from the a-lens-that-blinds-you dept.
The Sun could be used as a gravitational lens to magnify normally hard-to-image targets such as exoplanets. The catch? The equipment needs to be 550 AU away from the Sun:
Now Leon Alkalai from the Jet Propulsion Lab and his co-authors have picked up an earlier suggestion from Italian physicist Claudio Maccone to use our Sun, rather than a distant star, to create what might be the ultimate telescope based on the microlensing principle. Alkalai's team has investigated the viability of the method in detail as a breakthrough mission concept. They also presented their findings at NASA's recent Planetary Science Vision 2050 workshop in Washington, D.C.
To build such a "telescope," detecting instruments would be placed at a point in space where the Sun's gravity focuses lensed light from distant stars. Not only is the idea viable, according to the Alkalai team, it would produce images that separate the distant star from its exoplanet, a critical observation that is the goal of future space telescopes equipped with Starshades. And using the Sun as a lens would result in much greater magnification. Instead of a single pixel or two, astronomers would get images of 1,000 x 1,000 pixels from exoplanets 30 parsecs, or about 100 light years, away. That translates to a resolution of about 10 kilometers on the planet's surface, better than what the Hubble Space Telescope can see on Mars, which would allow us to make out continents and other surface features.
[...] There is a downside, however. The telescope's focal plane instruments would have to be at least 550 AU from the Sun (1 AU, or astronomical unit, is the distance from the Sun to Earth), which is well into interstellar space. The only spacecraft that has reached interstellar space so far is Voyager 1, which covered approximately 137 AUs in 39 years. So we would need a spacecraft that is at least 10 times faster, but Alkalai and his colleagues say this is within the reach of current technology.
When it is finished sometime next decade, Europe's Extremely Large Telescope will be the largest in the world, with a mirror nearly 40 meters across. But one astronomer has proposed an even more powerful space telescope—one with the equivalent of a 150-meter mirror—that would use Earth's atmosphere itself as a natural lens to gather and focus light. Astronomer David Kipping of Columbia University has worked out that a 1-meter space telescope, positioned beyond the moon, could use the focusing power of the ring of atmosphere seen around the edge of the planet to amplify the brightness of dim objects by tens of thousands of times.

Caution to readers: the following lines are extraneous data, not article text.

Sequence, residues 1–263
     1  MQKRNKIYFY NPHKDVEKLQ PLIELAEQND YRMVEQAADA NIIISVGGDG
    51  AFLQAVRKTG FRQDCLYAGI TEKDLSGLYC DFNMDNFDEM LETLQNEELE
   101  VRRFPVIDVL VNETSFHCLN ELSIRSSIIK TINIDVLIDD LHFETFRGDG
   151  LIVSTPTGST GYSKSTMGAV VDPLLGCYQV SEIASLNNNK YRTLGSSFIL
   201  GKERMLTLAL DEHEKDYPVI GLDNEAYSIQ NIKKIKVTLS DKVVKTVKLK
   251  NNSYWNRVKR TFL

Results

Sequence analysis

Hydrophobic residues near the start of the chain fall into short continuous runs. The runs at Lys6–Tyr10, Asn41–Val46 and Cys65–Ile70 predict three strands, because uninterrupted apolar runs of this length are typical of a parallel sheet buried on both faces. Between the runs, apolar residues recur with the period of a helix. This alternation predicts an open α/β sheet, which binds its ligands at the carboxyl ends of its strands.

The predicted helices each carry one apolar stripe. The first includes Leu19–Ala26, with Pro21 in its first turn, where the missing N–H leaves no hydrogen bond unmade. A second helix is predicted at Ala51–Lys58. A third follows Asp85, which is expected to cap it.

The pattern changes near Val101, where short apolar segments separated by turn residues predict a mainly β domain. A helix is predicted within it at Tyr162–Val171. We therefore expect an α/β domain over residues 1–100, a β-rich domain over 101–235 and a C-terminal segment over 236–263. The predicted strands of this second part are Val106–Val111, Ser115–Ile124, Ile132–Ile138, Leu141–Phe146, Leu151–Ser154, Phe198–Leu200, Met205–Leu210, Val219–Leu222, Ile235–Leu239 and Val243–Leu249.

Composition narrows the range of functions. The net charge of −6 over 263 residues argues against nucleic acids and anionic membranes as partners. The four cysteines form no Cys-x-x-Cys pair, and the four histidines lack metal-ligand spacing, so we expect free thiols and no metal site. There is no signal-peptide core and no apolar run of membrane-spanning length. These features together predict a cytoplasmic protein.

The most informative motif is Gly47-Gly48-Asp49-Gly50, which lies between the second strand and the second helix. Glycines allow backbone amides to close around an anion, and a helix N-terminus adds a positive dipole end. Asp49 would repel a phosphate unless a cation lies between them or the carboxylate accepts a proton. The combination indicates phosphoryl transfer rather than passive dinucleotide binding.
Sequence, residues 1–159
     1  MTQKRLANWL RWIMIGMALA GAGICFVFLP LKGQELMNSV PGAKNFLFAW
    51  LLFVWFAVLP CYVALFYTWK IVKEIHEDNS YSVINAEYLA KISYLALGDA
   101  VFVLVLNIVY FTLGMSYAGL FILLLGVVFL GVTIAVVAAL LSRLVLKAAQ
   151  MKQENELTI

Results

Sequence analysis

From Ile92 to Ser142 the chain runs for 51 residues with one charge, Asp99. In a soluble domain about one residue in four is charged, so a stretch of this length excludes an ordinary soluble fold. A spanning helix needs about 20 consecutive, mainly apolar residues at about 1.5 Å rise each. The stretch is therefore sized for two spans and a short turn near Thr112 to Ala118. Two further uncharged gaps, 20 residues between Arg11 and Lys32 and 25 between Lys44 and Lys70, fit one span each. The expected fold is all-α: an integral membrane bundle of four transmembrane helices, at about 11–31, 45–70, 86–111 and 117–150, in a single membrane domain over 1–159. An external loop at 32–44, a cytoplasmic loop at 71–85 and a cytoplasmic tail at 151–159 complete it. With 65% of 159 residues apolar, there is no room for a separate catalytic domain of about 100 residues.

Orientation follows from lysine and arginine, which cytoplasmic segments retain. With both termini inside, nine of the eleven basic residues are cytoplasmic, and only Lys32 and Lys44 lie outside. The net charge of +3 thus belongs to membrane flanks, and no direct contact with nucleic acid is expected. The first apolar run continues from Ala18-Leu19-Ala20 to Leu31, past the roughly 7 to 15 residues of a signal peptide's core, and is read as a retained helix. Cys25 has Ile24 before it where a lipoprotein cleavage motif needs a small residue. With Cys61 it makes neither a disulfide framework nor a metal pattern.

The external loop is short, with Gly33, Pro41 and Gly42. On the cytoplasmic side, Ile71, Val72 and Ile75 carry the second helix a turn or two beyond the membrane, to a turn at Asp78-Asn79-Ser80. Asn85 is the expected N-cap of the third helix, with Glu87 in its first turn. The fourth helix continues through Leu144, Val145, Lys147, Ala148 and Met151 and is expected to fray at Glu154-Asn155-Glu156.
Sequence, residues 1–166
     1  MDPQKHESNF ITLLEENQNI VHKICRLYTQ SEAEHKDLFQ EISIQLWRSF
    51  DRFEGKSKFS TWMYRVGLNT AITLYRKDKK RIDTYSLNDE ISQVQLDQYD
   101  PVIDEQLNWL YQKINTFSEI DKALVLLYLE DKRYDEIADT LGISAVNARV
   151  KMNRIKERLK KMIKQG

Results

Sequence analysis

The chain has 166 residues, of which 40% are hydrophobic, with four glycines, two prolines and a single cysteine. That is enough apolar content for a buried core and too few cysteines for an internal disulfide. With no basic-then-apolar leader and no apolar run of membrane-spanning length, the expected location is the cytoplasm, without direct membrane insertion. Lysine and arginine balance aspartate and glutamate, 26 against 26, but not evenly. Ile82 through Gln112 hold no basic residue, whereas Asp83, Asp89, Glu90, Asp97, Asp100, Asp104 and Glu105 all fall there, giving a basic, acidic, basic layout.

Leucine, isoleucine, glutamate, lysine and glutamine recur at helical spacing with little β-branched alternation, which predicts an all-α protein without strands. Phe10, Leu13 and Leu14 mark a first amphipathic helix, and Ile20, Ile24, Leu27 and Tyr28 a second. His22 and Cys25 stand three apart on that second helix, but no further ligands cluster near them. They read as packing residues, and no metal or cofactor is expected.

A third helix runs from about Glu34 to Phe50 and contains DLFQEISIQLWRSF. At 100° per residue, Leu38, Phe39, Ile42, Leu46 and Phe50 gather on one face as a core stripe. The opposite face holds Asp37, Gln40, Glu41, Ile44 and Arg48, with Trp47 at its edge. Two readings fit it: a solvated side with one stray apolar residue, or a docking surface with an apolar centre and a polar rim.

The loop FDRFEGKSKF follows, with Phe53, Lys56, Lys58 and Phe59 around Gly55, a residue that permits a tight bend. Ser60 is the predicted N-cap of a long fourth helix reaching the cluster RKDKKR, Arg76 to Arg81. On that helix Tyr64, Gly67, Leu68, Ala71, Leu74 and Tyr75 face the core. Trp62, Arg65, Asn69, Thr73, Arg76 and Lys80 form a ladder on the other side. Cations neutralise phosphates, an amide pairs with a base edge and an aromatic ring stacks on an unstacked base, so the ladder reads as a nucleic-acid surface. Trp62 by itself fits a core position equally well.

The atmosphere is too variable for a Terrascope, as Kipping calls it, to produce beautiful images to rival those from the Hubble Space Telescope. But it could discover much fainter objects than is now possible, including small exoplanets or Earth-threatening asteroids. Kipping acknowledges that more work is needed to prove the idea, but the necessary technology already exists. "None of this is reinventing the wheel, it just needs to be pushed a bit harder," he says.
Astronomers who read the paper Kipping posted last week on arXiv were both delighted and cautious. Matt Kenworthy, of Leiden University in the Netherlands, says he was "blown away by how much work and thought he had put into it" but wants more evidence that it will work. "I'd want to sit down and do a more realistic model," he says. Bruce Macintosh of Stanford University in Palo Alto, California, adds: "It's an interesting thought experiment, but there are a lot of details to think through."
A telescope could be put on the surface of the Moon facing the Earth (thus making both sides of the Moon attractive places to put telescopes), or at another location such as the L1 Lagrange point.
Also at Scientific American.
Phys.org reports on the bold plan to take pictures of an exoplanet so sharp that oceans, continents and even clouds would be discernible.
Right now, it's impossible. From our vantage point, exoplanets—planets orbiting other stars—look like fireflies next to spotlights. In the few images we've managed to take of them, the exoplanets are mere dots. Even as the next generation of space telescopes comes online, this won't change—you'd need a 90-kilometer-wide telescope to see surface features on a planet 100 light years away.
A group of researchers has an audacious plan to overcome these difficulties. It involves using solar sail spacecraft—possibly an entire fleet of them—to fly faster and farther away from Earth than any previous space probe, turn around, and use our distant Sun's gravity as a giant magnifying glass. If it works, we'll capture an image of an exoplanet so sharp that we can see features just 10 kilometers across.
Recently awarded a $2 million grant by NASA's Innovative Advanced Concepts (NIAC) program, and spearheaded by JPL physicist Slava Turyshev, the project,
called the Solar Gravity Lens, or SGL, sounds like something straight out of science fiction. NASA and a collection of universities, aerospace companies and other organizations are involved, as well as Planetary Society co-founder Lou Friedman, the original solar sailing guru.
According to Turyshev
The needed technologies do already exist, but the challenge is how to make use of that technology, how to accelerate their development, and then how to best put them to use. I think we are at the beginning of an exciting period in the space industry, where getting to SGL would be practical, and scientifically exciting."
I wonder if it will come with an EF mount.